Watch: Understanding Meltdowns

See this week’s Edivate content, which addresses ASD-related meltdowns. Watch and learn how triggers can lead to meltdowns, and what you can do to address and avoid them. This video is part of an 18-part series on Edivate aimed at helping students with ASD thrive amidst their unique challenges.

The video is produced by Asperger Experts, founded by Danny Raede and Hayden Mears. Both were diagnosed with Asperger’s syndrome (now categorized within ASD) at age 12, and today they help people affected by ASD to understand themselves and find useful strategies for resolving the conflicts, pain, and loneliness they encounter at school and throughout life.

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Asperger’s Syndrome and Bullying

Asperger’s Syndrome and Bullying: Teaching children how to understand—and react—to bullying

It’s an unfortunate fact that students who bully others commonly target children with Asperger’s Syndrome (AS). As educators, we can provide tools that empower our students with strong boundaries, resilience, and even empathy in dealing with being bullied.

Watch: Teach children how to understand—and react—to bullying

This week’s content on Edivate shares a strategy for helping children respond effectively to bullying—and potentially decrease their antagonizer’s bullying behaviors. This is the first in an 18-part series of video segments aimed at helping students with AS thrive.

The video is produced by Asperger Experts, founded byDanny Raede & Hayden Mears. Both were diagnosed with Asperger’s Syndrome at age 12, and today they help people with AS understand themselves and share useful strategies for resolving the conflicts, pain, and loneliness they often encounter at school and throughout life.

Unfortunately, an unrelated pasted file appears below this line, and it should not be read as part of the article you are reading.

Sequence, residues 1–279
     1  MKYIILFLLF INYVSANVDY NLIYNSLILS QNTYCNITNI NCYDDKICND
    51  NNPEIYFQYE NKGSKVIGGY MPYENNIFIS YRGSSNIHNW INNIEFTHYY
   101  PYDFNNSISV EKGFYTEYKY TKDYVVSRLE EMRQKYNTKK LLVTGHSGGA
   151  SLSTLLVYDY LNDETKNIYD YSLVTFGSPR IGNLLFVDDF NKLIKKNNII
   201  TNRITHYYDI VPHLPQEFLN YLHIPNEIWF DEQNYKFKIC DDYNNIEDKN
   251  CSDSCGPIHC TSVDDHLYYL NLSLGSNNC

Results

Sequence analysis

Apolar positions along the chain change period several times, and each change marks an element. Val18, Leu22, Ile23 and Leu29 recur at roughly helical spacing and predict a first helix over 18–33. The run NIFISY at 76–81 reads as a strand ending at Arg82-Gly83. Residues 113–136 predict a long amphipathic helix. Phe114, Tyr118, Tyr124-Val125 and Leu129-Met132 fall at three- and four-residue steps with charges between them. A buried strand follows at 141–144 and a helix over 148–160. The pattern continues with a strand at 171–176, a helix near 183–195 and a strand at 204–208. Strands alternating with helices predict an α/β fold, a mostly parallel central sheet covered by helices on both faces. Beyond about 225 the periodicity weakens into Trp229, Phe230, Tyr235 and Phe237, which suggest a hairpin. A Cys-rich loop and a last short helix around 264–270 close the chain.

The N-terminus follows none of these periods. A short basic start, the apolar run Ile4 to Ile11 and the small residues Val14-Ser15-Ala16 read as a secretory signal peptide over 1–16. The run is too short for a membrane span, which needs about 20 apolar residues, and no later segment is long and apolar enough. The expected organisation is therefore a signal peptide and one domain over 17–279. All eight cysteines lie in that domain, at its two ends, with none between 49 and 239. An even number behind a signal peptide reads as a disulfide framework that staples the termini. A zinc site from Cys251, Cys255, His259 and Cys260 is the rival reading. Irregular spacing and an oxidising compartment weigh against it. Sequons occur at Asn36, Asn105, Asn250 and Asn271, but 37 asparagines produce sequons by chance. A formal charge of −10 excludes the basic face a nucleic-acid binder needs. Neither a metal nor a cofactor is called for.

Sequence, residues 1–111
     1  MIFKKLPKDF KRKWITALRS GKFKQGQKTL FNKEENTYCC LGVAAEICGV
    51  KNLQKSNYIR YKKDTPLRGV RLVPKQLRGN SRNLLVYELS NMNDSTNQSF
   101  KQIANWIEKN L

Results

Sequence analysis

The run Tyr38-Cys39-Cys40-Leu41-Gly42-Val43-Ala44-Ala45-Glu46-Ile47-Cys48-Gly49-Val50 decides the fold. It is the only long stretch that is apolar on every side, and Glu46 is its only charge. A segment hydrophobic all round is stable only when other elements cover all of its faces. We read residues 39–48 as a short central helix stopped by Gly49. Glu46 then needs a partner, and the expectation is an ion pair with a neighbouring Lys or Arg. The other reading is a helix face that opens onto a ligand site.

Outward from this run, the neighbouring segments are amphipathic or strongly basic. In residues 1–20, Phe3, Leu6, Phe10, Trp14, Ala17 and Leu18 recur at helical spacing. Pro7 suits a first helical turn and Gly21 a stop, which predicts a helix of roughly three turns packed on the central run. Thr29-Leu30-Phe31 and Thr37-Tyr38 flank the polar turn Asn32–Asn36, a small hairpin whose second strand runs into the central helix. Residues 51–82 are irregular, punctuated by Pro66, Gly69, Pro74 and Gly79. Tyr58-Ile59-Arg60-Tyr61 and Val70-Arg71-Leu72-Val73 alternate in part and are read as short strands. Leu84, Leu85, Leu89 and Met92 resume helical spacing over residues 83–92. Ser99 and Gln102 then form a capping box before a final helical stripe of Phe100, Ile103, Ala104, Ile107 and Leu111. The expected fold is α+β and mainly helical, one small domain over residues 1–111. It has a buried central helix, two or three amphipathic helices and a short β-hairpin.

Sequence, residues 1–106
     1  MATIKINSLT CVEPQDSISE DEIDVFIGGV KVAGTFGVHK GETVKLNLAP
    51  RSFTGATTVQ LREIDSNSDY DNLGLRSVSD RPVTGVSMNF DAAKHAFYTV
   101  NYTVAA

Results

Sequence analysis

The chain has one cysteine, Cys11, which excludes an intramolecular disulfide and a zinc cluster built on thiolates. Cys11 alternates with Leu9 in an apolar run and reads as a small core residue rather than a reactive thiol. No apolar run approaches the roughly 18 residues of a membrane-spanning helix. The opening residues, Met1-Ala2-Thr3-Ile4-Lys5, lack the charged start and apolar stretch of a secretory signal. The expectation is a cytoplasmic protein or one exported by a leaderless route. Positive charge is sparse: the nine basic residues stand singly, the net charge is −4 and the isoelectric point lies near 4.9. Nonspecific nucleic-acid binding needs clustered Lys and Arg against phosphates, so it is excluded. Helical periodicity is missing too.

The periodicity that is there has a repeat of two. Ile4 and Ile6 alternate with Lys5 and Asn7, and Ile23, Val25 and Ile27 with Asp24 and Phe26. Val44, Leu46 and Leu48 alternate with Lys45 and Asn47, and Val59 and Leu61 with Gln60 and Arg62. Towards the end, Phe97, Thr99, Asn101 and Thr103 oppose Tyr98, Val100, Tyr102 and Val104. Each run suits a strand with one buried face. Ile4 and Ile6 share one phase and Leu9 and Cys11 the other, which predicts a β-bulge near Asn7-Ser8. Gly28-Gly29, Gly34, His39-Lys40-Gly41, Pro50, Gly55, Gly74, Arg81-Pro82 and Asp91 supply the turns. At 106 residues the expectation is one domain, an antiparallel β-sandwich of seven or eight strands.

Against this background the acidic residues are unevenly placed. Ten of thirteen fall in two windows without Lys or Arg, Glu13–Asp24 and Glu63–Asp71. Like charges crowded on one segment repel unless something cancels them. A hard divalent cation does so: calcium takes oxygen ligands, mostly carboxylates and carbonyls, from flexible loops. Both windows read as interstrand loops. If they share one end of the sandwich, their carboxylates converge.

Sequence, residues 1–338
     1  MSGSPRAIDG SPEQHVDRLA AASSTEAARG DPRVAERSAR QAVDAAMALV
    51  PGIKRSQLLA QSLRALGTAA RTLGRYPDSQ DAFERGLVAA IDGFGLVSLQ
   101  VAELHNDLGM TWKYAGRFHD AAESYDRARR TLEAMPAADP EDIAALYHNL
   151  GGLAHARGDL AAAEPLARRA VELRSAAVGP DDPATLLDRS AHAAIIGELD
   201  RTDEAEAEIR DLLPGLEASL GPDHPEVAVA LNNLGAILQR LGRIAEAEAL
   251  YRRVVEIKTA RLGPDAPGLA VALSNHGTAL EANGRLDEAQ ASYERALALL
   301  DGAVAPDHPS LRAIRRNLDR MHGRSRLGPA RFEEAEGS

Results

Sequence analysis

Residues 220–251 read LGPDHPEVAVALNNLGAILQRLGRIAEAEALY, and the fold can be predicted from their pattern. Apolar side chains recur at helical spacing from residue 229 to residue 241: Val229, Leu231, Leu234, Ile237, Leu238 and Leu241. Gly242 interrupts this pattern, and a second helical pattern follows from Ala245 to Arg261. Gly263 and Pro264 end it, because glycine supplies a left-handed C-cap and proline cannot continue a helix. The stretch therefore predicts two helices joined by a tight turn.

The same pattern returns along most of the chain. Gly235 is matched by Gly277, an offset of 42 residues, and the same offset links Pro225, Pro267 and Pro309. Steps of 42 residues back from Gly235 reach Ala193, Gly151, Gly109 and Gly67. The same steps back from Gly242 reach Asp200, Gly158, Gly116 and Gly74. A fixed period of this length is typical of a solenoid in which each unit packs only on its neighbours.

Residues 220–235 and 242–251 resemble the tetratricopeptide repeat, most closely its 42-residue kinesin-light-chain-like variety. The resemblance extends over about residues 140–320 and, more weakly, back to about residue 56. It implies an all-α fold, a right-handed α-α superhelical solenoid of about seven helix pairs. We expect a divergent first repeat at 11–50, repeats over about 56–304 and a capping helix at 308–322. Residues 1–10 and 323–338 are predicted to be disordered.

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Cross-Curricular STEM Teaching And Learning

Cross-Curricular STEM Teaching And Learning

Some of the most effective teaching combines cross-curricular activities for engaging students and helping them to learn. When a lesson involves interdisciplinary principles, students are more likely to learn and retain the information while building their individual skills.

This week we share an example of a lesson that does just that. It’s a STEM lesson that involves measuring and graphing the length of blue whales. This short video segment features Ms. Lori Barker and her first grade class at Green Acres Elementary in North Ogden, Utah. Watch as she engages her students and reinforces content knowledge through visualization, imaginative movement, differentiated reading, and a reflective writing exercise.

The standards-based lesson addresses the following standards:

  • Compare the lengths of two objects indirectly by using a third object.
  • Express the length of an object as a whole number of length units.

You can replicate all or part of this lesson using the included lesson plan. There are also links to additional resources supporting these STEM concepts.